USDA, DHS celebrate opening of National Bio and Agro-Defense Facility

The U.S. departments of Agriculture (USDA) and Homeland Security (DHS) celebrated the new National Bio and Agro-Defense Facility (NBAF) with a dedication and ribbon-cutting ceremony May 24 in Manhattan, Kansas.

The federal research facility, which offers the highest level of biocontainment laboratories and safety protocols, is replacing the Plum Island Animal Disease Center, located off the coast of New York. Plum Island is a biosafety level-3 facility (BSL-3) where foreign animal diseases, including foot-and-mouth disease, have been studied for more than 68 years.

The 48-acre NBAF campus includes more than 700,000 square feet of total building space. The main building, at 500,000 square feet, includes containment laboratories, animal holding facilities, office spaces, facility support areas and required safety systems. While the facility has opened, research has not yet started. NBAF is the nation’s only large animal BSL-4 facility built to safely handle pathogens that do not currently have treatments or countermeasures.

U.S. Secretary of Agriculture, Tom Vilsack
U.S. Secretary of Agriculture Tom Vilsack speaks at the opening of the National Bio and Agro-Defense Facility during the ribbon-cutting ceremony on May 24 in Manhattan, Kansas. (Photos courtesy of Tommy Theis/Kansas State University)

“This new, innovative facility will give USDA scientists access to cutting-edge, safe and secure technology so they can continue to lead the world in animal health research, training and diagnostics to protect our food supply, agricultural economy and public health,” Agriculture Secretary Tom Vilsack said in a USDA press release

Both the USDA and DHS have collaborated since 2006 on the requirements for the next-generation science facility. DHS led NBAF’s design and construction, and the USDA will own and operate the facility.

With more than 400 employees, USDA’s Agricultural Research Service (ARS) and Animal and Plant Health Inspection Service (APHIS) will share NBAF’s operational responsibilities. ARS will primarily focus on research to understand high-consequence and emerging animal diseases and develop countermeasures, such as vaccines and antivirals.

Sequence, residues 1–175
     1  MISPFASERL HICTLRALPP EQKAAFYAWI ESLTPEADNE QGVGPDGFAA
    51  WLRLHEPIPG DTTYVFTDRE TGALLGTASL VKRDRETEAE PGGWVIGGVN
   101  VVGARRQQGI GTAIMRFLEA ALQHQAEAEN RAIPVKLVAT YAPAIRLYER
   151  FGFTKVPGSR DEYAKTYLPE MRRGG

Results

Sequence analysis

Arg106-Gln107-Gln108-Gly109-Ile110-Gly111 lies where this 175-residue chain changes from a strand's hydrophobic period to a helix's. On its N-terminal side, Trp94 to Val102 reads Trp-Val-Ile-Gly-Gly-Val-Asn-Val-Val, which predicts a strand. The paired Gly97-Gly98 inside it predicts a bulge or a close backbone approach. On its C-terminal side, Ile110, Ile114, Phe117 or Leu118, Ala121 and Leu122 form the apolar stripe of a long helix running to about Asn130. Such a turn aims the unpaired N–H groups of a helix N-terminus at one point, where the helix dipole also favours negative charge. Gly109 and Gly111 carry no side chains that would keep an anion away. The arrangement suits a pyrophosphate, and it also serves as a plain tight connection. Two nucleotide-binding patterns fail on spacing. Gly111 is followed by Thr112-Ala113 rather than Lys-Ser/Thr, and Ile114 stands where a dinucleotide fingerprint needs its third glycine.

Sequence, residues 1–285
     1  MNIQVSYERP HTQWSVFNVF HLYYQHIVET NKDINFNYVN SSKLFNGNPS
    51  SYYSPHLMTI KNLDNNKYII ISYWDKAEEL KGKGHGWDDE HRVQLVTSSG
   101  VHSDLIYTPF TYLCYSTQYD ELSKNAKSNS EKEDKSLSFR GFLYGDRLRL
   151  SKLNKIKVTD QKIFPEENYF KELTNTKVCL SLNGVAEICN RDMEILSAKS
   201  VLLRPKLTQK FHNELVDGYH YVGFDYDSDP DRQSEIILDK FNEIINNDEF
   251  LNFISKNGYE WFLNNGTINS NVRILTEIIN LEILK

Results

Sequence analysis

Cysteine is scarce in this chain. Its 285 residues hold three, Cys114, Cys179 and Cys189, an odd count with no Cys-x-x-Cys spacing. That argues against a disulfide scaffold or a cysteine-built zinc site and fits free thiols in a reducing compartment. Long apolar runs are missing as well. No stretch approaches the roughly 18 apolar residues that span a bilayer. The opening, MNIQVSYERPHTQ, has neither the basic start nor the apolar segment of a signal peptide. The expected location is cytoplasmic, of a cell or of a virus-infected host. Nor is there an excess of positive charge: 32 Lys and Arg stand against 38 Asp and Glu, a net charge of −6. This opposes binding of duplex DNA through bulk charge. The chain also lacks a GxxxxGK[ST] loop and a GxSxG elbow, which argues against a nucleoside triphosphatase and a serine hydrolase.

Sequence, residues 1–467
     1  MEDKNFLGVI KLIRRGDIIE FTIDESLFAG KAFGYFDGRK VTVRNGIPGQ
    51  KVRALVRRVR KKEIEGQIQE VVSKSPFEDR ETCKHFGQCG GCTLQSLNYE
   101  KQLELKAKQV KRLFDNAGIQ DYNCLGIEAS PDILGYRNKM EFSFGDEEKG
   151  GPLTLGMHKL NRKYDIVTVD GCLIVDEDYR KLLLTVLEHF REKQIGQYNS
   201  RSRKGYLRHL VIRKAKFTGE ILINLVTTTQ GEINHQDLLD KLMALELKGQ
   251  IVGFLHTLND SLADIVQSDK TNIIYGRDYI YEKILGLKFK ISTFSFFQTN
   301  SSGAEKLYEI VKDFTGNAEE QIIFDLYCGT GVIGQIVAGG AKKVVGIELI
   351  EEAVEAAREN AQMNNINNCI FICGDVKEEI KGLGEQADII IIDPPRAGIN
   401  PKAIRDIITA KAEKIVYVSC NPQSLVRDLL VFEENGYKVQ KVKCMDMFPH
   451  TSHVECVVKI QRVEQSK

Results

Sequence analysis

Several dignitaries attended the ribbon-cutting
Several dignitaries attended the ribbon-cutting, including Manhattan Mayor Mark Hatesohl, Kansas State University President Richard Linton, Kansas Governor Laura Kelly, U.S. Senator Jerry Moran, former U.S. Senator Pat Roberts, and AVMA President Lori Teller.

APHIS will focus on prevention, surveillance, diagnosis, and response to these diseases, including the expertise to manage two national animal vaccine banks and train state and federal veterinarians to recognize livestock diseases. Specifically, this program produces foreign animal disease diagnosticians (FADDs). The training allows them to be official responders to potential foreign animal disease cases and submit appropriate samples to NBAF for confirmation.

“NBAF is a historic investment for agriculture and our Nation in ensuring the health, safety, and security of the U.S. food supply,” said USDA Chief Scientist Chavonda Jacobs-Young in the release. “As the first facility of its kind in the United States, the innovative and cutting-edge solutions our scientists and partners can produce here will lead efforts to protect public health and address new and emerging diseases for many years to come.”

Manhattan, Kansas, was chosen as the NABF’s location because of the concentration of animal health companies in the area, including Hill’s Pet Nutrition and Mars Petcare, and closer in proximity to several academic institutions, including Kansas State University College of Veterinary Medicine.

“NBAF’s Midwest location offers researchers and diagnosticians closer proximity to develop key partnerships with the animal health industry and several academic institutions,” said Dr. Alfonso Clavijo, director of NBAF, in the release. “NBAF will create opportunities between scientists and animal health companies to enhance and expedite the transition of new veterinary countermeasures from research to market to protect the nation’s agriculture if needed.”

A version of this story appears in the August 2023 print issue of JAVMA.